Doctor Who: The Clockwise Man | Book Review

Rating: 3 out of 5.

The Clockwise Man (2005) by Justin Richards is the first of the Doctor Who New Series Adventures novels that were initially released alongside the reboot of Doctor Who in 2005. The Ninth Doctor and Rose land in 1924 to visit the British Empire Exhibition in London, and instead find themselves running (as always) headfirst into danger, on the hunt for a mysterious assassin. After a case of mistaken identity — and multiple run-ins with a zombie cat — the plot thickens as they learn that some of their new friends may be lying to them. But which ones, and why? (Minor spoilers below.)

As the first in the series, I thought this was pretty good! I read this in more or less one sitting, so it was certainly a page turner. I think this book was definitely the inspiration for the clockwork robots seen in the series two episode The Girl in the Fireplace, and I can understand why — they’re terrifying! And they’re also a perfect way for an advanced being to get away with using robots in a society that doesn’t yet have computers. On top of this, I think this may have also inspired a plot element in another series two episode, Tooth and Claw, although I won’t give it away here as it would spoil one of the twists. And, of course, there was the obligatory Bad Wolf mention, just to tie everything back into the main TV series, which was unexpected and wonderful.

I loved the steampunk-like setting, and the trip that we got to take up the inside of Big Ben (apparently Justin Richards asked his MP to organise a tour), which is honestly something that I’ve never wanted to see until now! I found the characters of Repple and Aske to be something of a comedy duo, and I did enjoy discovering their backstories as well as those of Mr Wyse, the Painted Lady and, of course, young Freddie.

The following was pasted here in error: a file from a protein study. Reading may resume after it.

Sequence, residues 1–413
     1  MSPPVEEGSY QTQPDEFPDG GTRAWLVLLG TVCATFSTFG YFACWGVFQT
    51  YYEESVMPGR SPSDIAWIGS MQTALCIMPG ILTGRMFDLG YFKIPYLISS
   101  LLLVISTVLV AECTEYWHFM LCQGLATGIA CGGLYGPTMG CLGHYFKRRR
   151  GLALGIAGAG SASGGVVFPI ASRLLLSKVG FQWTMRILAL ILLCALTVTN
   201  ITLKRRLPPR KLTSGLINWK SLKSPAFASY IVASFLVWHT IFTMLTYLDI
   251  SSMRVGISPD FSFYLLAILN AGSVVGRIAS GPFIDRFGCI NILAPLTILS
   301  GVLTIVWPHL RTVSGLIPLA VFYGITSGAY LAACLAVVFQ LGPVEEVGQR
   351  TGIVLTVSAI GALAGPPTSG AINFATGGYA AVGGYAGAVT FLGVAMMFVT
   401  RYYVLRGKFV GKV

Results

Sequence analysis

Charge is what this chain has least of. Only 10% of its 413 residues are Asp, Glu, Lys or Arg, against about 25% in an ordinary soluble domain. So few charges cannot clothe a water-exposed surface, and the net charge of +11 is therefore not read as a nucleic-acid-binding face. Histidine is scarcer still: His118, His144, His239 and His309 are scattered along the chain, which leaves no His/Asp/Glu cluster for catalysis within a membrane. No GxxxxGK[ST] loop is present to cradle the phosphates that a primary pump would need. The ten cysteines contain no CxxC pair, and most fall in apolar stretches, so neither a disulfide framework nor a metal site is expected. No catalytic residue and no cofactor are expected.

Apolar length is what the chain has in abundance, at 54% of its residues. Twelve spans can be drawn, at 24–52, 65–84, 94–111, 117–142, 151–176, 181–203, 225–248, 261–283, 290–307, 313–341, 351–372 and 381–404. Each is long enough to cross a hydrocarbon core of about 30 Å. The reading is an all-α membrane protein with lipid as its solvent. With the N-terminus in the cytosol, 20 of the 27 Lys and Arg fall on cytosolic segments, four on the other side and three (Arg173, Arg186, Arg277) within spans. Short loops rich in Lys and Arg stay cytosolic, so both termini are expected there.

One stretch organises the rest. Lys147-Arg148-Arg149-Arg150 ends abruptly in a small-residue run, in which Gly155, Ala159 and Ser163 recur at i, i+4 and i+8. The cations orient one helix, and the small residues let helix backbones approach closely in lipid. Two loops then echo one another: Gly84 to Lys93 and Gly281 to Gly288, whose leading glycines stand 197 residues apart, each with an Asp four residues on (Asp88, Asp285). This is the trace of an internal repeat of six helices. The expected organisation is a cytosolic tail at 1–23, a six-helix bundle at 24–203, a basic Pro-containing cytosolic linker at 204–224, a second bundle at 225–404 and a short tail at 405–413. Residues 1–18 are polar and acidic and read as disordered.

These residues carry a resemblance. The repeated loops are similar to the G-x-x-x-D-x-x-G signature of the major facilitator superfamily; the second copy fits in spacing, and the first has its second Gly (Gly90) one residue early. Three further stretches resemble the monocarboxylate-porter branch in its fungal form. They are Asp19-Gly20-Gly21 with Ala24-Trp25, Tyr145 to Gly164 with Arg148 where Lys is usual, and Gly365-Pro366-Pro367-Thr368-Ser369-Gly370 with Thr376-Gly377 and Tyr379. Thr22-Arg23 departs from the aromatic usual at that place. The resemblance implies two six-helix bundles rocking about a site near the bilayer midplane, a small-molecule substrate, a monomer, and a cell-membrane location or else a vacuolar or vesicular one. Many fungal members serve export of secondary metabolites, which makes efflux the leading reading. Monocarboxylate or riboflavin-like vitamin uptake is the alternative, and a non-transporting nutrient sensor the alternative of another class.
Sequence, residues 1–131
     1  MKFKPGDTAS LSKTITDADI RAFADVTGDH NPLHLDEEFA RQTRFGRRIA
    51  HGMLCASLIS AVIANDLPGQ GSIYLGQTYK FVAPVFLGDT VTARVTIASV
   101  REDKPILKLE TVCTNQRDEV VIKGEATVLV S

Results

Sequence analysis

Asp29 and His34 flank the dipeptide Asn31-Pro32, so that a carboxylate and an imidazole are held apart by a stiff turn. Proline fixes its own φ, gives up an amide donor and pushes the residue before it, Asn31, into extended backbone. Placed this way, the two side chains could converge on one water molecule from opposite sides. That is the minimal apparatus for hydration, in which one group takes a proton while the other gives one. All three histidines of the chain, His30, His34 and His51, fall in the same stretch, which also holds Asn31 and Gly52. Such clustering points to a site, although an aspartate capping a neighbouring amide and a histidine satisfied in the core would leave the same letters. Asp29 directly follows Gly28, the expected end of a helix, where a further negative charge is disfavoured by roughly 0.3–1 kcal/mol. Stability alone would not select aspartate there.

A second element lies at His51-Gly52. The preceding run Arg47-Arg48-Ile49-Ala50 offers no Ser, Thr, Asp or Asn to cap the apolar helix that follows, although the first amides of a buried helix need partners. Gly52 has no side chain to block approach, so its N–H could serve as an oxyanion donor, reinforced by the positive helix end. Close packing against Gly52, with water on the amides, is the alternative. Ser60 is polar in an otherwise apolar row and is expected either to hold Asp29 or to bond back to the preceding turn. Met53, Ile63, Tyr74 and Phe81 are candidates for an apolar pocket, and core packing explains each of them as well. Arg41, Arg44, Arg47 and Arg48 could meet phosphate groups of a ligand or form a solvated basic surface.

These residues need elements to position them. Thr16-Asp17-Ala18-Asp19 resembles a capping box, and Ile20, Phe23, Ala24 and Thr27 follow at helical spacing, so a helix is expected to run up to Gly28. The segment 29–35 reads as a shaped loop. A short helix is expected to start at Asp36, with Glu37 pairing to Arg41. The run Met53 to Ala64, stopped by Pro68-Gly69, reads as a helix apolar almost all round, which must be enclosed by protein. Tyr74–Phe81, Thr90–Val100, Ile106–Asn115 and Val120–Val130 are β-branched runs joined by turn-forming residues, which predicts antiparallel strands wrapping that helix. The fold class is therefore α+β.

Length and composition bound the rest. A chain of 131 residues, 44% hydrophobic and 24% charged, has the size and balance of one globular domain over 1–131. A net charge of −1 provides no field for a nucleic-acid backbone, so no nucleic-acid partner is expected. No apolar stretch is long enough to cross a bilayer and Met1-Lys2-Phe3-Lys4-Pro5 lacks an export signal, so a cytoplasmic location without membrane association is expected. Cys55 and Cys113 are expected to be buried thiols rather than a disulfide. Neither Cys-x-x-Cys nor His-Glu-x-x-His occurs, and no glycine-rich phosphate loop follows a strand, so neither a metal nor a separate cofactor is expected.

The main thing that trips me up about this book, though, is how different the characters of The Doctor and Rose seem to be compared to their on-screen selves. There were moments that completely took me out of the story and made me think about whether these were the characters I knew at all due to their strange behaviour. The Doctor, for example, seemed far less compassionate than we’ve seen him on TV, almost bordering on deliberately insensitive, and he also managed to forget basic words like “syllable” which didn’t really make sense to me. Rose was even more out of character and just seemed…like a different girl entirely. At one point she brutally slams an animal against the wall(!), and at that point in the story she absolutely believes it to be a living being. I just can’t see Rose Tyler ever doing something so disturbing.

Overall, I’d give this book four out of five stars for its fast-paced and rapidly twisting plot, realistic setting, and interesting characters. However, the strange characterisation of The Doctor and Rose did affect my enjoyment of the book, as I went into it expecting the characters that I already knew and loved, but instead found strangers. While I can forgive Justin Richards for writing them this way as he likely hadn’t even seen the finished scripts for season 1 before writing this, I’ll have to amend my rating to three out of five stars to reflect this.

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